Hypothetical Propositions:
Nonstandard Forms
"p if and only if q"

When we want to claim that the truth of either p or q implies the truth of the other, we combine the preceding forms into: "p if and only if q." As the word "and" suggests, we are making two statements:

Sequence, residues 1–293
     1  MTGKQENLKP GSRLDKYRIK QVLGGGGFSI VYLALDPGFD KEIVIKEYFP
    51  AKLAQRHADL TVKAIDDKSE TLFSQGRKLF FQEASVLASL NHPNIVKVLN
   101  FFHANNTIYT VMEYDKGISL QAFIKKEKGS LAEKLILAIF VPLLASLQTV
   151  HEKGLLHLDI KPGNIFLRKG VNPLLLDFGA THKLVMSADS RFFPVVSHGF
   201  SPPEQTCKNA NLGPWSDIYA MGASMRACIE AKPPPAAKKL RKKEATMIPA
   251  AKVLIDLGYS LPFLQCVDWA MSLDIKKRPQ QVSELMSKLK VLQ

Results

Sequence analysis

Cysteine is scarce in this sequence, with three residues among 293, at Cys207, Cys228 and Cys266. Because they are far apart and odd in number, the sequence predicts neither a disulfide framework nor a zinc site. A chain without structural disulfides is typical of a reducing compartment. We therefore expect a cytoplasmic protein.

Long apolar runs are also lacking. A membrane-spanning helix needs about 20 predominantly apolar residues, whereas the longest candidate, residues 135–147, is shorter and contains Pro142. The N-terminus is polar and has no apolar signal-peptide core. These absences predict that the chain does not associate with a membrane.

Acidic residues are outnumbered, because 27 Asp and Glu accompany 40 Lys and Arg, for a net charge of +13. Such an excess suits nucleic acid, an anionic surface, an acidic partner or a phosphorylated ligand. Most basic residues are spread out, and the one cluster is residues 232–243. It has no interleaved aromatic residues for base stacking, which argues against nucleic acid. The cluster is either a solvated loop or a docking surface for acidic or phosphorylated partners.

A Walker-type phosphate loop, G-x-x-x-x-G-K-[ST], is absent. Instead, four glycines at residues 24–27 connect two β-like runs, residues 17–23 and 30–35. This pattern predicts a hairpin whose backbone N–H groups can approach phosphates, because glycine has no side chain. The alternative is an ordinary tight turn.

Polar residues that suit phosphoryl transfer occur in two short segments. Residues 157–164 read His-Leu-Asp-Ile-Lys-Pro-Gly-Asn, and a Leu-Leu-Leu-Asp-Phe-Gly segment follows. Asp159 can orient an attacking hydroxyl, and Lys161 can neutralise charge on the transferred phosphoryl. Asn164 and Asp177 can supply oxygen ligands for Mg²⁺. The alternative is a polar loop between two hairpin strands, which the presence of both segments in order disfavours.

"p if q," which becomes, "If q, then p"

"p only if q, which becomes, "If p, then q"

This analysis makes it clear that in the "if and only if" construction, both p and q serve as antecedents, and both also serve as consequents.

"p if q" | "p only if q" | "p if and only if q"
"p unless q" | "Whenever p, q" | "Without p, then q"

Hypothetical Propositions

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